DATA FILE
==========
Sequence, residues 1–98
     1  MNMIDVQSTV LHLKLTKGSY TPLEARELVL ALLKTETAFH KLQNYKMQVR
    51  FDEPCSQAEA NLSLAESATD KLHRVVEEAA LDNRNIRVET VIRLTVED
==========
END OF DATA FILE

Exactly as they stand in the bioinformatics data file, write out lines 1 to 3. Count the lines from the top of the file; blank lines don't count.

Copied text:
Sequence, residues 1–98
     1  MNMIDVQSTV LHLKLTKGSY TPLEARELVL ALLKTETAFH KLQNYKMQVR
    51  FDEPCSQAEA NLSLAESATD KLHRVVEEAA LDNRNIRVET VIRLTVED